EPA has a commonly accepted statement on dust: “One car making one pass on one mile of dirt or gravel road one time each day for one year creates one ton of dust.” It doesn’t have a comparable statement regarding horses, but a similar calculation might be possible.
Tara Gandomcar-Hieb is the owner and manager of Cottonwood Riding Club, home of the Denver Polo Club. The club is a 100-acre equestrian facility that caters to riding disciplines including English and Western and from children’s instruction to horse shows.
The club has four outdoor arenas, including one which is lighted for night riding, along with a well-lit 270-foot by 80-foot indoor arena. The club also includes four regulation lunging pens, a cross-country course, a pro shop, and a clubhouse that sits adjacent to Chatfield State Park just south of Denver. The riding club took its name from the 100-year old cottonwood trees that line the scenic riding trails.
In all, says Gandomcar-Hieb, there may be up to 40 horses riding in the club’s arenas over the course of a day. One outdoor arena at Cottonwood is 30,000 square feet with 2 to 3 inches of footing and soil. With horses coming through eight to ten at a time, there tends to be a lot of dust kicked up.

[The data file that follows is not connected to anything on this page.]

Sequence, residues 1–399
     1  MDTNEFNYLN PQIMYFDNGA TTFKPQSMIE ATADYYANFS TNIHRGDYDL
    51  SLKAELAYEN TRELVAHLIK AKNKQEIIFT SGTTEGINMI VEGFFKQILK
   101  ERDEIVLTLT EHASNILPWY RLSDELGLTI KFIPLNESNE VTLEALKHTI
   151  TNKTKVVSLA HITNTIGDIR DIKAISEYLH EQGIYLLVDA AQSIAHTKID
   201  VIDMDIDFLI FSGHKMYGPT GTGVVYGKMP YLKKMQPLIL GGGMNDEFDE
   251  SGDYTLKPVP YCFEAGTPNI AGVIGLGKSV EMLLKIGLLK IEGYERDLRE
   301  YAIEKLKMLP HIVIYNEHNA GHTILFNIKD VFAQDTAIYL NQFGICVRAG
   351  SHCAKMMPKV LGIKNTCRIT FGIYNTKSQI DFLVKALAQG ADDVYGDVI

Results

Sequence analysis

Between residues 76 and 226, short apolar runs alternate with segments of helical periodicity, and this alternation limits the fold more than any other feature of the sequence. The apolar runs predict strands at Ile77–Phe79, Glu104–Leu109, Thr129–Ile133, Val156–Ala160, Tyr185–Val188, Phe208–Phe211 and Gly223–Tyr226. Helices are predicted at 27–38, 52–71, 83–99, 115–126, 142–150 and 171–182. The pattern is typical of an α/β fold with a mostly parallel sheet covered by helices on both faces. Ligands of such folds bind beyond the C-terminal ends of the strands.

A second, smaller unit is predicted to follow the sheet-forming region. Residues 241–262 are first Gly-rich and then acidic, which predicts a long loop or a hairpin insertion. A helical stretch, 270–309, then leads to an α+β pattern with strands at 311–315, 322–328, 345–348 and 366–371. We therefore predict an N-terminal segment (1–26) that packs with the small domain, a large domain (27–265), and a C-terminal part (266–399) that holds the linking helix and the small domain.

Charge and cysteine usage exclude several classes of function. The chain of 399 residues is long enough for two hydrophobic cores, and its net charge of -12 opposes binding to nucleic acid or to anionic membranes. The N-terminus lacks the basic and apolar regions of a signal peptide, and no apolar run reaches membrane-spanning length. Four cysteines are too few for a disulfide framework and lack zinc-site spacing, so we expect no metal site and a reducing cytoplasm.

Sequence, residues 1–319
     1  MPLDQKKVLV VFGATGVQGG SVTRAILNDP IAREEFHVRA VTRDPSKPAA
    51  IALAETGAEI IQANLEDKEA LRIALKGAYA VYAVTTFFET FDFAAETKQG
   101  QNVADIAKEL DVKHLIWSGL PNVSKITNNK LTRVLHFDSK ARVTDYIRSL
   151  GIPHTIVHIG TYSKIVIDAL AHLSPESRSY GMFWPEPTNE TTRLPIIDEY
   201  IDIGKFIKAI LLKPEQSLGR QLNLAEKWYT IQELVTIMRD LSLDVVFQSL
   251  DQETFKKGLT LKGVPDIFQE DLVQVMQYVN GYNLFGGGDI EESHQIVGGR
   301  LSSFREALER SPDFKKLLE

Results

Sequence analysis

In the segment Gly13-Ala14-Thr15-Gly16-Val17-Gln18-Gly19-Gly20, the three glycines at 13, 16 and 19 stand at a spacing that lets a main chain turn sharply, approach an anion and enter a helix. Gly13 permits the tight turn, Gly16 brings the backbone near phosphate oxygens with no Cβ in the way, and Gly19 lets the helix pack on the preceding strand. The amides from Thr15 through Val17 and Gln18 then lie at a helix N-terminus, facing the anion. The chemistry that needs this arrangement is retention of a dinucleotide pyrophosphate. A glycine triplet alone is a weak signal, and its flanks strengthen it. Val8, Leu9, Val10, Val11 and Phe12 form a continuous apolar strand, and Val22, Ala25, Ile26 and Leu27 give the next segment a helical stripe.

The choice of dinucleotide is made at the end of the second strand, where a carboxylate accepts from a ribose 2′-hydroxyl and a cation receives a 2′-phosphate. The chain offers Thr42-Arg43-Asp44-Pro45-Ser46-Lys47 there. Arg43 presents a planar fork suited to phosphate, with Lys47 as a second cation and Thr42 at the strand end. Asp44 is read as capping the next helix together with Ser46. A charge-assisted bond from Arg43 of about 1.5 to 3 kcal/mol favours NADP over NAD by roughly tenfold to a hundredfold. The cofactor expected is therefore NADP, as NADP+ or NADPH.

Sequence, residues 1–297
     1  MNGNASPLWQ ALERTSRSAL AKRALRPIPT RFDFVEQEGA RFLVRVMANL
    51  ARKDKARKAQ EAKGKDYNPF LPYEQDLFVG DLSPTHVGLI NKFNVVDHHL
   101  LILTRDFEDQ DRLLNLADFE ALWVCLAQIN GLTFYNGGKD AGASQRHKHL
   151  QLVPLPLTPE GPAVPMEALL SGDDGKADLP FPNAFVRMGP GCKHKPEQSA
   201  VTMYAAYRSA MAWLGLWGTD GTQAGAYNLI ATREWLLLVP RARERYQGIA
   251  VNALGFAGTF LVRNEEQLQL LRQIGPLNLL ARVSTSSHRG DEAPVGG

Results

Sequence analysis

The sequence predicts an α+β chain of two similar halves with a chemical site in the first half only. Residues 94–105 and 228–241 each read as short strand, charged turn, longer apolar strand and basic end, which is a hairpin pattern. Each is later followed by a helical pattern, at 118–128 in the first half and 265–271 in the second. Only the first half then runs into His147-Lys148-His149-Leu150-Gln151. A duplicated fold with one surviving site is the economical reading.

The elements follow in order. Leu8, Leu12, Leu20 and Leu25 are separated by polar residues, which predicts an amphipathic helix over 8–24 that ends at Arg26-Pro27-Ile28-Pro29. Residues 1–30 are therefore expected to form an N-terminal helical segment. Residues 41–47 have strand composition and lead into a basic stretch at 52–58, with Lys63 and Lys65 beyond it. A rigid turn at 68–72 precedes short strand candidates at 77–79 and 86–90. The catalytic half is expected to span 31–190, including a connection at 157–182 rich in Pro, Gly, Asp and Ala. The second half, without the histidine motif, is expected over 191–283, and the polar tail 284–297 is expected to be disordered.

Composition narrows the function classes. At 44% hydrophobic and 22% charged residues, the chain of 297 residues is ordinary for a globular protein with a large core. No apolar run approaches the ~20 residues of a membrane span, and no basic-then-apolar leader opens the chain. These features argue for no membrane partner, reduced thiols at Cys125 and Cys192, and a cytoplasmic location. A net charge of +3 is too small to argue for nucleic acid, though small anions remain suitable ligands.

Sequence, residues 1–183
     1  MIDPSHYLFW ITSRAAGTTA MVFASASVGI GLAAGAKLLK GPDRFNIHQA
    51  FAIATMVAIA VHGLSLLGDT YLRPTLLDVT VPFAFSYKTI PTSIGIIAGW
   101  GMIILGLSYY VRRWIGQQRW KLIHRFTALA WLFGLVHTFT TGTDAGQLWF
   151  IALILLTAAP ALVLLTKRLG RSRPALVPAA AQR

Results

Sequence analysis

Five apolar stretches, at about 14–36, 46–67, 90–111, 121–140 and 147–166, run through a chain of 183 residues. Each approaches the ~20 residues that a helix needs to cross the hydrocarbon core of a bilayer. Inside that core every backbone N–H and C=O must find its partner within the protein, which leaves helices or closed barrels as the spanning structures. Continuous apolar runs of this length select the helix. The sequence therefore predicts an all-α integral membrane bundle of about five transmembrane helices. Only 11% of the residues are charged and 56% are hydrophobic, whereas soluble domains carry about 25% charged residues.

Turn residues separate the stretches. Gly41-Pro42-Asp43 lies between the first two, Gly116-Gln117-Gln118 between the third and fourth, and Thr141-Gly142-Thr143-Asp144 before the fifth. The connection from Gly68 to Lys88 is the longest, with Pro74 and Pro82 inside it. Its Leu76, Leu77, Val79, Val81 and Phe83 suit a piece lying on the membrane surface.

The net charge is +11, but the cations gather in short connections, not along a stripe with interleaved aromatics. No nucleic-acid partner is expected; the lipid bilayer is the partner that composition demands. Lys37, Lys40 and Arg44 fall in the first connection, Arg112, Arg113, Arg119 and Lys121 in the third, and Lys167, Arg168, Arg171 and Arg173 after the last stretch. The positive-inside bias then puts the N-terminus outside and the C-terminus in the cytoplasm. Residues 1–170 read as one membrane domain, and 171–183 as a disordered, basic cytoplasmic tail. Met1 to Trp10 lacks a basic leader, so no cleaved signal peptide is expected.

“We have a sand footing,” she says. “The horse hooves pulverize the sand, and it becomes airborne. After so many horses, it just turns into fine dust.”
There are a variety of benefits of having a good dust control program, including prolonging the life of the footing and having less particulate matter in the air. Other benefits include less equipment maintenance and fewer respiratory problems for riders and horses alike.
A Pennsylvania State University study found that dust poses another kind of safety hazard: It decreases visibility for motorists. A similar problem exists in the arenas. “Dust isn’t good for health,” she says, “but on a smaller scale, the instructors can’t see the riders. So there could be a safety problem there.”
She continues, “We wanted something that would control dust well but would be sensitive to our horses and the riders, too. We wanted no adverse effects on the horse hooves. We were using magnesium chloride, but it only lasted about a month. And our footing deteriorated after a while. It was so fluffy—like fine powder.”